What is the sailing condition from Boston to NS? - SailNet Community
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post #1 of 6 Old 08-25-2010 Thread Starter
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What is the sailing condition from Boston to NS?

I always love New England. Thinking to retire to Portsmouth, Portland or Boothbay, ME. I am leaning toward Portland since it is an easy hike to Sunday River by train or car in the winter.

My sailing experience is mainly in Chesapeake Bay. The summer is just too miserable (hot and no wind). Not sure what is the sailing climate from Cape Cod to Fundy Bay.

Please share your thoughts


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post #2 of 6 Old 08-26-2010
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Buzzards Bay and most of New England has pretty decent winds during the sailing season, unlike the Chesapeake in summertime, which is fairly fluky and light—due to being basically landlocked. However, north of Cape Ann, fog is a serious issue and having radar aboard is a good idea. If you've seen some of Maine Sail's fog photos...you will understand how thick and limiting the fog can be.

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post #3 of 6 Old 08-26-2010
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maine is the prime sailing grounds of the northeast,i just did a trip to bar harbor from portland[about 100 miles one way]idid an outside route passing the outer islands.amazing.s sailing,i know i passed 1500 miles of coastline,also portland is a great & safe litte city
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post #4 of 6 Old 08-26-2010 Thread Starter
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Quote:
Originally Posted by sailingdog View Post
fog is a serious issue and having radar aboard is a good idea. .
I hope they have sunny days in the summer, right? . May be i should get a week of charter sailing to see how it is like up there.


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post #5 of 6 Old 08-27-2010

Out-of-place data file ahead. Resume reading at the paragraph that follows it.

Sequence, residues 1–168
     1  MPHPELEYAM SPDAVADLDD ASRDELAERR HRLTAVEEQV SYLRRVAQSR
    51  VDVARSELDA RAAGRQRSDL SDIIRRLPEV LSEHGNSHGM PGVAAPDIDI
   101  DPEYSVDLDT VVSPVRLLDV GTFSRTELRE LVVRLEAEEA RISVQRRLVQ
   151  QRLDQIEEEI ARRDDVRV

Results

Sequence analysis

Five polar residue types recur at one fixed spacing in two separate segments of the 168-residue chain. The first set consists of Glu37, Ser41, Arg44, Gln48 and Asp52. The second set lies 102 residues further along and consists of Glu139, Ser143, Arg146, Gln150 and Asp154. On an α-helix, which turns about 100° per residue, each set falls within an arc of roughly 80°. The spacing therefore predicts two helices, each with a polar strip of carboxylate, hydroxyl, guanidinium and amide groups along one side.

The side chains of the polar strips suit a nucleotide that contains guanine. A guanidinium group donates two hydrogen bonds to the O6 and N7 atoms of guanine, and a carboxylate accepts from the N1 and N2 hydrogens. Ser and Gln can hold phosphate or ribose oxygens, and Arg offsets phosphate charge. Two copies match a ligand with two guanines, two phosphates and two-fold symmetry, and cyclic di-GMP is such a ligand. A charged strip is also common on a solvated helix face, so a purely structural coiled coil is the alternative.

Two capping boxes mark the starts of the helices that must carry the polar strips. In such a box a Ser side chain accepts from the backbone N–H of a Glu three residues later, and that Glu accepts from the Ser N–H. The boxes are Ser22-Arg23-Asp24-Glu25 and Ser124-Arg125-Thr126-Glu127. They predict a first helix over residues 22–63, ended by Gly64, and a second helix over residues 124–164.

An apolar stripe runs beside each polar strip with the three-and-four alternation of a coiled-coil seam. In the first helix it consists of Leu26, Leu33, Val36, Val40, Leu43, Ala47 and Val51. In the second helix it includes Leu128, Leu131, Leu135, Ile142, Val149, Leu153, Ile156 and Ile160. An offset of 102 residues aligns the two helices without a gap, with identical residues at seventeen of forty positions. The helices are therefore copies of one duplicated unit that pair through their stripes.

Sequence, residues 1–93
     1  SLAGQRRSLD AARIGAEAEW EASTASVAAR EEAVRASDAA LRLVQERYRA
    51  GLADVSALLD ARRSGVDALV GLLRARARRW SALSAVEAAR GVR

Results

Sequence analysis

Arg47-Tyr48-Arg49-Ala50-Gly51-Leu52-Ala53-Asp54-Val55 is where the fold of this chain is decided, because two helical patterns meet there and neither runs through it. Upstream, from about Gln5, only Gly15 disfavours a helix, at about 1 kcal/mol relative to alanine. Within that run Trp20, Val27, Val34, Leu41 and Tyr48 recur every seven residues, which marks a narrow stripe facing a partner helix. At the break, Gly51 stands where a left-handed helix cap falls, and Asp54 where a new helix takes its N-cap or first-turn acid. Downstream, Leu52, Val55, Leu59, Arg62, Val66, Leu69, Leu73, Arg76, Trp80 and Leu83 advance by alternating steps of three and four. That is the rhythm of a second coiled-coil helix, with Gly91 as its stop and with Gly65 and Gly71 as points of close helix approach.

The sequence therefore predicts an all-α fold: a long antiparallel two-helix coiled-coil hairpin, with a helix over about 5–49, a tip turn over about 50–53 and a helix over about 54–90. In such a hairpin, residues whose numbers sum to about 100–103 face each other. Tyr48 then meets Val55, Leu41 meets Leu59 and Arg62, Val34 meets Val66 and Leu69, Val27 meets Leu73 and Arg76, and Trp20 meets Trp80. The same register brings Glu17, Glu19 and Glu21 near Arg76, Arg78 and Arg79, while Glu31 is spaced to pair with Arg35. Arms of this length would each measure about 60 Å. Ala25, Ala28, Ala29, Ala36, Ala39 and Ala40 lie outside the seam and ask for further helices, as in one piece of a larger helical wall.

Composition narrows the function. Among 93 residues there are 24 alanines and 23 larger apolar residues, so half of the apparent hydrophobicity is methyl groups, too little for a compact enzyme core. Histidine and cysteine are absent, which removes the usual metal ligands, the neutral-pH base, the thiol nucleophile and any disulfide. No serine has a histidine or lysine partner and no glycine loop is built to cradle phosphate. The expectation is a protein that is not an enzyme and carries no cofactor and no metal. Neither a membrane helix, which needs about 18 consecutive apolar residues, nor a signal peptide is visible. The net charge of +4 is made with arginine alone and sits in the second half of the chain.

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Do it!

You are considering a wonderful sailing area. I have sailed up and down the East Coast and we really love the New England area. Been based out of Portland for many years. You'll find gentle SW winds most of the summer, with blustier conditions in the early spring and fall, but still decent. You won't be completely immune from hot and humid - there often are several weeks in the middle of the summer that, if the wind is not blowing, can be very hot and uncomfortable. But being on a boat on the water will be a welcome relief from being onshore. Regarding Portsmouth, it is a trendy town and lots of scenery, plus you have the Isles of Shoals nearby. But I find the weekend cruising options pretty limiting. Portland has a lot to offer. Great waterfront, lots of activities in the summer, options for getting boat repair, and best of all many close by islands to weekend to. The coastline from Portland down east is chock full of islands vs the coastline south to Cape Ann which is more of long beaches and not as many anchoring options. Boothbay Harbor is another great consideration. A lot of history of boating there, good places for visitors to stay and shop ashore and a number of close by islands to day sail to, including Sequin and Damariscove. I wouldn't be dissuaded by the fog. It is an occasional issue in the summer and it will make you a better sailor. Radar is good to have. If you are not used to it, it will take a few trips to get your skills up to speed and then it won't be so daunting.

Good luck!
-Tom
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post #6 of 6 Old 08-31-2010
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I concur with the the responses here. New England is a damn great place to sail. My dad had a place on the Chesapeake and in August it was miserably hot and no/low wind.

New England does have it's "Low Wind Days" but at some point in the day, there will be wind either from an on-shore or off-shore breeze. Don't really get them in the Chesapeake, especially mid and northern part.

My boat is in Marblehead, MA and it is a great and convenient location. With the right winds, I can go to Provincetown, Plymouth/Sagamore, Portsmouth, NH, Newburyport, MA, Boston, etc. in a day. Out and back day trips are always different beause of the wind direction. Sometimes we go in the direction up to Cape Anne, sometimes in the direction of Boston.

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